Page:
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Apes R Not Us, and we have to get used to it


In a beautifully written article in the New Yorker, Ian Parker describes how he shared the hot, damp work of studying the elusive bonobo (lesser chimpanzee) – long lauded as sexy and peaceful – with one of the only people in the world who actually knows much about them in the wilds.

Well, people who actually studied the “hippie ape”, came away with a different view.

UPDATE! Note this update on the most interesting combox discussion that developed overnight.

Those who study hippies note the many resemblances they have with apes. They are hairy, make lots of folk noises, and generally are communal in organization? Speaking of apes, and our "obviously" common form with them (it does kinda beg the question), why would the Creator deign to make us have the same number of hairs, and 98% common DNA, similar physiology and immuno-responses--albeit smaller hairs--and similar menstral cycels, et al, with our chimp animal friends? I have never heard a good answer to that except that maybe some people need to shave and bath more often. Now I hear tale (just tale, so far) that some organizations want to make a broader "hominid rights" clause or set of clauses in dealing with our animal pals. According to these zoologists the chief difference in humans and chimps being culture. Hmmm. On the lighter side, it seems humans walk for....energy efficiency's sake. Seems that bipedal locomotion is more efficient for the human-hominid body form than walking on all fours. This is also true of chimps, unknown apparently to THEM. But still, Al Gore now gets one more bullet in his revolver in claiming--a la PZ Meyers style--that those who oppose energy efficiency are, well....knuckle draggers..... See also: http://tech.msn.com/news/articlecnet.aspx?cp-documentid=5200757&GT1=10240 Wakefield Tolbert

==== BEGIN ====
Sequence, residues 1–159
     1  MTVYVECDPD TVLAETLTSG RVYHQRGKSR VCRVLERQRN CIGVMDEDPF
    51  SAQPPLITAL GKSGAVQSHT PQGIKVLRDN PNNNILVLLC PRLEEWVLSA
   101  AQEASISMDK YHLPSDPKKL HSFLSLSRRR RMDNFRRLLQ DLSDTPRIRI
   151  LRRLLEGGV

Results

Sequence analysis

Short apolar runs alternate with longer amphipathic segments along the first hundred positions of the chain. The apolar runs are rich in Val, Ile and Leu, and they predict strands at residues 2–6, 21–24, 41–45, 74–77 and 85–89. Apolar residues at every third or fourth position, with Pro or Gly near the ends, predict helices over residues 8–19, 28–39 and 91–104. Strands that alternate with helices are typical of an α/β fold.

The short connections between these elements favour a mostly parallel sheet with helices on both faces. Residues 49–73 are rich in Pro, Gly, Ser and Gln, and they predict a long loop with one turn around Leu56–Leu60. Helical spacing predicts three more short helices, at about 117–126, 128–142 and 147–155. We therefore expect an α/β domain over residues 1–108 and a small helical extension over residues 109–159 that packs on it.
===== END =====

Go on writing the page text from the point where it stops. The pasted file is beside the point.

Those who study hippies note the many resemblances they have with apes. tribune7

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